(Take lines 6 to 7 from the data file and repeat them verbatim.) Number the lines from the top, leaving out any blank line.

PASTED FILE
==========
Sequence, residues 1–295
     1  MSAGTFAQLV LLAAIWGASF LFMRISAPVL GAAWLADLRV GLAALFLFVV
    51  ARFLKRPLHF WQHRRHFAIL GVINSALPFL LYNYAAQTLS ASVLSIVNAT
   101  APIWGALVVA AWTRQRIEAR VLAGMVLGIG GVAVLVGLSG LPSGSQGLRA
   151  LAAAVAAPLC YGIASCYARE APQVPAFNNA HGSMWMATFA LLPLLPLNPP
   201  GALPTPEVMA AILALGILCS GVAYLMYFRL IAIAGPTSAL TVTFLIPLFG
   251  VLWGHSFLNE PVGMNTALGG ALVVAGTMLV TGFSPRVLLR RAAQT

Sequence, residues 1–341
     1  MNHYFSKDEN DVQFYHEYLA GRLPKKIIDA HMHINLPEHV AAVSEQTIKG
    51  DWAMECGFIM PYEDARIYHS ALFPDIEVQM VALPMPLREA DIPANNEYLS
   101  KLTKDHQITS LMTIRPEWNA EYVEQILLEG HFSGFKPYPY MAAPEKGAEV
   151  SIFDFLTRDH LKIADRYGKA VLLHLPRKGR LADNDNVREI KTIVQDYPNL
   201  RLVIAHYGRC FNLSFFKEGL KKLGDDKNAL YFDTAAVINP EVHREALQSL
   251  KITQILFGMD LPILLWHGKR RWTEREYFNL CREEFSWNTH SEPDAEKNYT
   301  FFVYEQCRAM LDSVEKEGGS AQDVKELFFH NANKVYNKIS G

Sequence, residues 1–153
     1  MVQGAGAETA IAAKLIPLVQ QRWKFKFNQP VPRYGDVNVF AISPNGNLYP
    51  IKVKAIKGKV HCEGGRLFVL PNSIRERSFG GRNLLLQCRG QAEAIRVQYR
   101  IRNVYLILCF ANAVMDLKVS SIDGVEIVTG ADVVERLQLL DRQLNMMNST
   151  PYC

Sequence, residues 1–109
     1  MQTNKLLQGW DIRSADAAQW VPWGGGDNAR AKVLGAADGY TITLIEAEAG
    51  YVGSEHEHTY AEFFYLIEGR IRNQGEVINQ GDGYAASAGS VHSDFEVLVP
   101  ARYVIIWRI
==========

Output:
   201  GALPTPEVMA AILALGILCS GVAYLMYFRL IAIAGPTSAL TVTFLIPLFG
   251  VLWGHSFLNE PVGMNTALGG ALVVAGTMLV TGFSPRVLLR RAAQT